Downey and Burnett present epic tv stories for Passover,Easter season, and more (The Examiner). Besides The Dovekeepers, they have a number of Bible-related projects going which I have not been following.

Wednesday, April 01, 2015

The Seventh Sentinel and the pseudepigrapha

Fantasy Novel "The Seventh Sentinel" Wins New Apple Book Award for Excellence in Independent Publishing

Dayton, OH, April 01, 2015 --( "The Seventh Sentinel" by Yolanda Ramos receives Medalist Honors in the Fantasy category of the 2014 New Apple Book Awards for Excellence in Independent Publishing.

Book Synopsis
Moments before the destruction of Jerusalem in 70 A.D., the seven Archangels remove powerful, ancient artifacts from the Jewish temple. These are given into the safekeeping of seven men. Throughout the ages, these men and their descendants become known as the Seven Sentinels. In medieval times, the Seven Sentinels formed various military Orders as a cover for their activities. Today, of the Seven Sentinels, two are dead and two have turned rogue, which means only three remain to carry out their roles. A war rages between Heaven and Earth. It is up to the newly empowered Seventh Sentinel to stop the rogues and Fallen Ones, from using these artifacts to gain control of the souls of mankind. Can the Seventh Sentinel endure?

The story of angels removing artifacts from the Temple before its destruction is very ancient, appearing first (as far as I can tell) in the Old Testament pseudepigraphon 2 Baruch (c. 100 CE). Chapter 6 (Charles translation):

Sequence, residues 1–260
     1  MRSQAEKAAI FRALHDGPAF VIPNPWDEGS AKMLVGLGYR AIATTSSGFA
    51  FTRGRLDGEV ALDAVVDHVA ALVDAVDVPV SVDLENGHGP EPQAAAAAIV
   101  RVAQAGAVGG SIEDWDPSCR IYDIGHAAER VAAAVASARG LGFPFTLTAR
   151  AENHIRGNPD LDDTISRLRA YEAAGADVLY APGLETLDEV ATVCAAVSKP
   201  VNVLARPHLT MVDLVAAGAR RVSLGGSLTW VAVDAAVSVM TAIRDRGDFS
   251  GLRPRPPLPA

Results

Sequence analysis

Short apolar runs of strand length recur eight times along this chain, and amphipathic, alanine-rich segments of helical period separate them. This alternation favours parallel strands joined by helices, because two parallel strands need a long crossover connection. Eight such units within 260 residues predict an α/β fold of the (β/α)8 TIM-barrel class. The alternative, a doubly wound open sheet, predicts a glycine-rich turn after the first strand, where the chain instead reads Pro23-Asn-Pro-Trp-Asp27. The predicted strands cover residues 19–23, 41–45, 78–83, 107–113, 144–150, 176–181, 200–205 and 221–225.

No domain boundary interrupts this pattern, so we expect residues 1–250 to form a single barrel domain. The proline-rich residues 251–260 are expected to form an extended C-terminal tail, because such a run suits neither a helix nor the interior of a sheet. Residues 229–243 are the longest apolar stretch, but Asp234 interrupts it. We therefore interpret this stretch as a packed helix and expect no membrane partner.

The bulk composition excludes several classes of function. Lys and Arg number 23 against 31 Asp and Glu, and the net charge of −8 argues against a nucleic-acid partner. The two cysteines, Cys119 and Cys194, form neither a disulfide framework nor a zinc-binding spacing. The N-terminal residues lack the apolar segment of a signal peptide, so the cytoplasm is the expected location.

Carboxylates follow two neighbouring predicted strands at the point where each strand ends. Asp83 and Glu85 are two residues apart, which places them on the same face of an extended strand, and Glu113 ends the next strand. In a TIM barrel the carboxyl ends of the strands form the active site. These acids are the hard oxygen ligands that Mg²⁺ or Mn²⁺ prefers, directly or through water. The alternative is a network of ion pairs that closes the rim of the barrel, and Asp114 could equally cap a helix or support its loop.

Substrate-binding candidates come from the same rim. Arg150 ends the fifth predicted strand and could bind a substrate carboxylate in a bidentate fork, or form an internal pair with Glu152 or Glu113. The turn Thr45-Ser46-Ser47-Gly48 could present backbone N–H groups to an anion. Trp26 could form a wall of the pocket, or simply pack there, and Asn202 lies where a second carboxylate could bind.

6 1 And it came to pass on the morrow that, lo! the army of the Chaldees surrounded the city, and at the time of the evening, I, Baruch, left the people, and I went forth and stood by the oak. 2 And I was grieving over Zion, and lamenting over the captivity which had come upon the people. 3 And lo! suddenly a strong spirit raised me, and bore me aloft over the wall of Jerusalem. 4 And I beheld, and lo! four angels standing at the four corners of the city, each of them holding a torch of fire in his hands. 5 And another angel began to descend from heaven. and said unto them: 'Hold your lamps, and do not light them till I tell you. 6 For I am first sent to speak a word to the earth, and to place in it what the Lord the Most High has commanded me.' 7 And I saw him descend into the Holy of Holies, and take from there the veil, and holy ark, and the mercy-seat, and the two tables, and the holy raiment of the priests, and the altar of incense, and the forty-eight precious stones, wherewith the priest was adorned and all the holy vessels of the tabernacle. 8 And he spoke to the earth with a loud voice:
'Earth, earth, earth, hear the word of the mighty God,
And receive what I commit to you,
And guard them until the last times,
So that, when you are ordered, you may restore them,
So that strangers may not get possession of them.
9 For the time comes when Jerusalem also will be delivered for a time,
Until it is said, that it is again restored for ever.'
10 And the earth opened its mouth and swallowed them up.
In this novel the angels hand the artifacts over to human guardians, which is more reminiscent of the story in The Treatise of the Vessels. (The latter, however, does not have angels involved in the hiding of the treasures.) I suspect the author of The Seventh Sentinel was at least familiar with the story as found in 2 Baruch.

If you keep an eye out for it, you find the influence of the Old Testament pseudepigrapha all over the place.

Passover etymologies

MOSTLY SPECULATIVE: The enigmatic origins of the words of the Passover seder. The origin of the words we use during the Seder can teach a lot about the origin of the holiday. But some, including the word for 'matza', remain oddly obscure. (Elon Gilad, Haaretz. But the possibilities discussed are interesting. For example:
Let’s move on to to some of the dishes served in the Passover seder. Khazeret or hazeret is a bitter herb that Seder celebrants put on the Passover plate to represent the bitterness of the slavery in Egypt.

The word appears in the Mishnah (Pesachim 10), but is rather enigmatic. It seems to have come from the Hebrew root kh-z-r, but this root usually denotes “returning,” yet in the Mishnah, it is clearly a word related to a foodstuff.